2013 Peugeot RCZ Automatic Snapshot Review Photo:
2013 Peugeot RCZ - Australia Photo:
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What's Hot
Head-turning good looks, sharp handling, no surcharge for automatic.
What's Not
Automatic 1.6 turbo is weak, interior fails basic rules of ergonomics.
Shapely and stylish, but steer clear of the slushbox.
Tony O'Kane | Jul, 16 2013 | 6 Comments


Vehicle Style: Coupe
Engine/trans: 115kW/240Nm 1.6 turbo petrol 4cyl | 6sp automatic
Price: $58,990 (plus on-roads)
Fuel Economy claimed: 7.3 l/100kml/100km | Tested: 8.4 l/100km



Peugeot has tweaked the RCZ coupe for 2013, adding new equipment, wheels, bumpers and trim; and a new price - up by $4000.

It’s still as shapely as ever, but a question mark hangs over the auto model and its modest power - de-tuned markedly compared to the manual.

So, does the driving experience of this model, the one likely to be the top seller, match up to the RCZ’s sporty exterior? More importantly, is it worth shelling out $60k for?

NOTE: This is a 'snapshot' review of the Peugeot RCZ. See our RCZ page for more news and reviews.



It’s an attractive interior, but, sadly, an ergonomic mess.

Significant wheelarch intrusion means the pedal cluster is shifted to the left of the footwell, and the position of the steering column relative to the pedals is all wrong.

There’s also not enough reach adjustment to the steering. As a result, you either have to endure a straight-armed posture while driving, or bend the knees uncomfortably in order to relax your elbows.

The centre stack is also raked too far forward. It puts the radio controls at the top of the stack; a little too far to be comfortably operated from the driver’s seat.

However, a stubby paddle behind the steering wheel at least allows easy control of the audio system.

There are other issues as well. The only cupholder in the centre console is so shallow that it refuses to keep any decently-sized bottle upright.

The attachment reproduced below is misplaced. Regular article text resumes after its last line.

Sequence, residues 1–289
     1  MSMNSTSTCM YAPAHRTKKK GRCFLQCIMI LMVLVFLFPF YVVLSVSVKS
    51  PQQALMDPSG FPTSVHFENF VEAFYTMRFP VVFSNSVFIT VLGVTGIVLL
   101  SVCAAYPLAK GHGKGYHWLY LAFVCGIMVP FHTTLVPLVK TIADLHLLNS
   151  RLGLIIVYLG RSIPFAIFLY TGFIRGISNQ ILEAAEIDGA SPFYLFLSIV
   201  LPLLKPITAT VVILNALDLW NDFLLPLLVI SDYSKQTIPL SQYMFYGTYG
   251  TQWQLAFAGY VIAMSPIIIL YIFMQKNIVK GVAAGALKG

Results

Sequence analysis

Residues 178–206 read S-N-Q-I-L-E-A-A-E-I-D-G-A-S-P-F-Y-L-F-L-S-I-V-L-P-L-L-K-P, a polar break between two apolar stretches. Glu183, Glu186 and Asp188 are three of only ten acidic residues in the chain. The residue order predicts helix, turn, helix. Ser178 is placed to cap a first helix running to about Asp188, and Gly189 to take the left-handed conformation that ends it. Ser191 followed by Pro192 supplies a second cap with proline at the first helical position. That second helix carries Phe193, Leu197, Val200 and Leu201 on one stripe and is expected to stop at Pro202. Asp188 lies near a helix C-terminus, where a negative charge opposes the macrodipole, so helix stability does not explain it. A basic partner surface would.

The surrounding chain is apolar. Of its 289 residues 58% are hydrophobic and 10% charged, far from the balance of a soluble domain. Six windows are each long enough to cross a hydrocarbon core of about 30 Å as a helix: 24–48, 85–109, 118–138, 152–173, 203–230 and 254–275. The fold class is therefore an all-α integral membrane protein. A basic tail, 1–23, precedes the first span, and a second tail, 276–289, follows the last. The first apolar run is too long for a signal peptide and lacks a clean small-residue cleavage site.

As for passenger comfort, the front seats don’t give quite enough lateral support for a sports model, and the slabby, upright back seats are strictly for occasional use.



Things are much better once you start the conversation with the road.

The way the RCZ handles will put a smile on the face of any enthusiast. Huge grip in corners and a fast, weighty steering rack make it a joy to hustle through tight switchbacks.

And it sits as flat as a tack with almost a complete lack of body roll.

However, the powertrain/drivetrain combo lags far behind the chassis when it comes to performance.

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While the manual RCZ petrol enjoys a healthy 147kW of power and 250Nm of torque, the automatic’s 1.6 turbo four-pot is detuned to a distinctly unspectacular 115kW and 240Nm - and it feels all the weaker for it.

Throttle response is mushy from just off idle, and although the engine makes an appealingly fizzy note as it rises through its rev range, its bark definitely does not match its bite.

The six-speed automatic is fine for commuting, but in manual mode it feels anything but sporty.

Slow gearchanges, no paddle shifters and a plus-minus manual shift arrangement that’s arse-about (pull to downshift..? C’mon, why can’t we get agreement here?) all conspire to sap the fun out of the RCZ.

It actually works better when left in “D”. Stamp on the throttle and the trans will resolutely stick to a lower gear, keeping the engine nicely on the boil.

The reasonable torque figure means that there’s a half-decent turn of speed when hooking out of a corner, but it’s nowhere near as lively or as much fun as the manual.

The sporty suspension tune means that ride comfort is compromised (and at odds with the character of the more leisurely automatic).

The RCZ’s rock-hard suspension confers great grip, but it comes at the cost of compliance. Prepare your coccyx: it’s a rough ride.

NOTE: This is a 'snapshot' review of the Peugeot RCZ. See our RCZ page for more news and reviews.



There are better performing two-door coupes out there, and for fewer dollars too.

The Opel Astra OPC, Renault Megane RS265 and Volkswagen Scirocco R are all more enjoyable to drive and have bona-fide performance credentials to their name.

They also cost vastly less than the Peugeot RCZ, with the $47,990 Scirocco being the priciest.

But one thing the RCZ has over those hot-hatches is style. It’s got it by the bucketload, and it never fails to turn heads.

Whether that suits your needs is for you to determine.

But if you see an RCZ in your future, our advice is to pick the far more fulfilling manual variant. It costs the same as the auto, but it’s a much better car.


Pricing (excludes on-road costs)

All three models in the 2013 RCZ range are priced at $58,990, plus on-road costs.

Peugeot has also confirmed that its extra-hot RCZ-R will hit Australia early next year, offering around 185kW. Pricing is still to be confirmed.

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